1. Who will win the race?
2. Write down a guess.
My initial thought for this lesson was to focus on what it could look like in a Pre-Cal or Calculus class. However, I’m intrigued by the possibilities for earlier subjects as well. More on that in Act 2.
3. What information would be useful to figure this out?
4. Write down some questions you have in your head right now.
The students need to know the speeds.
Proportional reasoning can be used to figure out the meters per second for each vehicle.
Next, we need to know the distances that each will travel. This is where teacher options are presented. First, let’s see an image.
The rower distance is 500 meters. However, work needs to be done to find the Jet Ski distance. Honestly, I didn’t know how to calculate this, but thankfully, Michael Fenton was a huge help.
— Michael Fenton (@mjfenton) March 3, 2016
So, here is my vision for the task. If you’re a Pre-Cal or Calculus teacher, let your kids try to figure out the distance with the image above and/or this Desmos graph (includes the equation I used).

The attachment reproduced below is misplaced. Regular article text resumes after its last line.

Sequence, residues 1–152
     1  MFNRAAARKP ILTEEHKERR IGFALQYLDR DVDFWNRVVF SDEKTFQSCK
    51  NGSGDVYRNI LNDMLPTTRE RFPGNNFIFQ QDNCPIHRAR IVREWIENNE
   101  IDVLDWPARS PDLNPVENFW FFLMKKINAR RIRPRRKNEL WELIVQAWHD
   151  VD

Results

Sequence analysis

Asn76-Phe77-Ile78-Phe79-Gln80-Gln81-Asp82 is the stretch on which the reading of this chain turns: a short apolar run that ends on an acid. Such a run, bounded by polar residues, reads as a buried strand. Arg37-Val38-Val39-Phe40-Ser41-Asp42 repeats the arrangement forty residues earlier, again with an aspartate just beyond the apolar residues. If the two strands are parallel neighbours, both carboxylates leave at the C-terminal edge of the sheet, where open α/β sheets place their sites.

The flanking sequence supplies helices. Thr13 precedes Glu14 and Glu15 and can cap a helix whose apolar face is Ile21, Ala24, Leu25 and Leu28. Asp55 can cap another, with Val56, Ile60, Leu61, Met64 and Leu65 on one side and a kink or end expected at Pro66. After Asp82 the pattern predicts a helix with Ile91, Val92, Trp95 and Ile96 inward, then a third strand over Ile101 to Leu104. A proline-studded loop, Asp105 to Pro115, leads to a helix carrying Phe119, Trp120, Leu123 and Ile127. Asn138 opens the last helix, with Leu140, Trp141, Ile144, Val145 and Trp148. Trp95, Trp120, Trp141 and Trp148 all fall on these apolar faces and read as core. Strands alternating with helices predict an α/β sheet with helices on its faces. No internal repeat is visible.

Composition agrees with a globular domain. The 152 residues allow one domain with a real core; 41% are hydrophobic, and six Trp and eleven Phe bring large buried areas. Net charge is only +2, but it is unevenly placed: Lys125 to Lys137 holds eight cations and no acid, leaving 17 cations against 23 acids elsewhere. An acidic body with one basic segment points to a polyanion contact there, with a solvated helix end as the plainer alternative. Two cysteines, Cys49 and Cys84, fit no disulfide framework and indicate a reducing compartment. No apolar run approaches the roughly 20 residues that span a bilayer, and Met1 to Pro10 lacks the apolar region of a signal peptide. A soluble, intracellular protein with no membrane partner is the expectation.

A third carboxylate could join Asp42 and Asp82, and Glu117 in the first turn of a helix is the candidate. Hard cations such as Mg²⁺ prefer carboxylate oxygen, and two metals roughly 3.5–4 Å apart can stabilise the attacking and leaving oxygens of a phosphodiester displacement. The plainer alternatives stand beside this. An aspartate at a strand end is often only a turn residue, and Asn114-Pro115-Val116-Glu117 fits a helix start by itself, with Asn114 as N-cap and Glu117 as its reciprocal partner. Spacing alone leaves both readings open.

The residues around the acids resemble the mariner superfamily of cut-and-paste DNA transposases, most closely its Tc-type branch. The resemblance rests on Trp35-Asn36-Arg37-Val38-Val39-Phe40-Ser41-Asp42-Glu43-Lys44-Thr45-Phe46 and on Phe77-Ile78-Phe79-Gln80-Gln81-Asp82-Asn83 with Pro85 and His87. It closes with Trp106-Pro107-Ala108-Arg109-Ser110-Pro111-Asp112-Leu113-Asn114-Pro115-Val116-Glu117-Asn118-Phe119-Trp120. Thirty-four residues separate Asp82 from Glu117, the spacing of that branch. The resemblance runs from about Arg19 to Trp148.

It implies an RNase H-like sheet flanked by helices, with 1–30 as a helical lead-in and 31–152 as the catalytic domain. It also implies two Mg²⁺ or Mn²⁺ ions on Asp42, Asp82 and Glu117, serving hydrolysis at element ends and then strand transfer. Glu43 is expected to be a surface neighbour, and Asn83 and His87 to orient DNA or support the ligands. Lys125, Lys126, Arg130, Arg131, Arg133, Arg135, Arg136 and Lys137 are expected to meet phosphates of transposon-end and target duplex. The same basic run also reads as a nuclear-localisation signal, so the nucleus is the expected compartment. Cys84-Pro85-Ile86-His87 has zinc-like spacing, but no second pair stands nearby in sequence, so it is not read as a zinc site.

However, if you teach an earlier subject, here are some other routes through the lesson.
There’s a lot of potential for ratios and proportional reasoning in this task. For example, here is how I figured out the Jet Ski distance (thanks to Michael).
Granted, it might be a lot to ask for a middle schooler to figure this out. Therefore, this picture could be helpful (here’s the link to the graph as well if you’re interested).
Once the students figure out the Jet Ski distance, they can divide the rates for each and determine the solution.
In the Elementary grades, this lesson can be modified to work on division and division with decimals. Show the kids this image.
Also, if they aren’t ready to calculate the speeds, show them this image.
5.What would happen if the Jet Ski was going 50 mph, and the course looked like this?
Understand ratio concepts and use ratio reasoning to solve problems.
Choose trigonometric functions to model periodic phenomena with specified amplitude, frequency, and midline.
represent mathematical and real-world problems involving ratios and rates using scale factors, tables, graphs, and proportions
graph functions, including exponential, logarithmic, sine, cosine, rational, polynomial, and power functions and their transformations, including af(x), f(x) + d, f(x – c), f(bx) for specific values of a, b, c, and d, in mathematical and real-world problems